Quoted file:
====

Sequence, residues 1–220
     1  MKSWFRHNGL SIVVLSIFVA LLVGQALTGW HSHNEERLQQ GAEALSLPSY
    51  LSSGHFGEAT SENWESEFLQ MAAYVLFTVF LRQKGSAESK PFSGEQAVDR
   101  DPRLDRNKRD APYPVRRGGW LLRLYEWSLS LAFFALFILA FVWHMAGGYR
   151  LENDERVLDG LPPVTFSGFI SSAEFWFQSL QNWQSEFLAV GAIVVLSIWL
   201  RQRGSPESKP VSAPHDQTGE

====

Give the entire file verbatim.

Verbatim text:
Sequence, residues 1–220
     1  MKSWFRHNGL SIVVLSIFVA LLVGQALTGW HSHNEERLQQ GAEALSLPSY
    51  LSSGHFGEAT SENWESEFLQ MAAYVLFTVF LRQKGSAESK PFSGEQAVDR
   101  DPRLDRNKRD APYPVRRGGW LLRLYEWSLS LAFFALFILA FVWHMAGGYR
   151  LENDERVLDG LPPVTFSGFI SSAEFWFQSL QNWQSEFLAV GAIVVLSIWL
   201  RQRGSPESKP VSAPHDQTGE